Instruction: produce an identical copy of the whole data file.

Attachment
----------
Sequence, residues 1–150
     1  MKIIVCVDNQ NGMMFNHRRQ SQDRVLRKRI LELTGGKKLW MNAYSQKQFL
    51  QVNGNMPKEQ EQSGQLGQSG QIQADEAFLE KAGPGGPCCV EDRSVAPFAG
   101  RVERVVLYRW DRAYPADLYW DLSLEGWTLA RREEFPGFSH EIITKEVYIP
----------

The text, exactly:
Sequence, residues 1–150
     1  MKIIVCVDNQ NGMMFNHRRQ SQDRVLRKRI LELTGGKKLW MNAYSQKQFL
    51  QVNGNMPKEQ EQSGQLGQSG QIQADEAFLE KAGPGGPCCV EDRSVAPFAG
   101  RVERVVLYRW DRAYPADLYW DLSLEGWTLA RREEFPGFSH EIITKEVYIP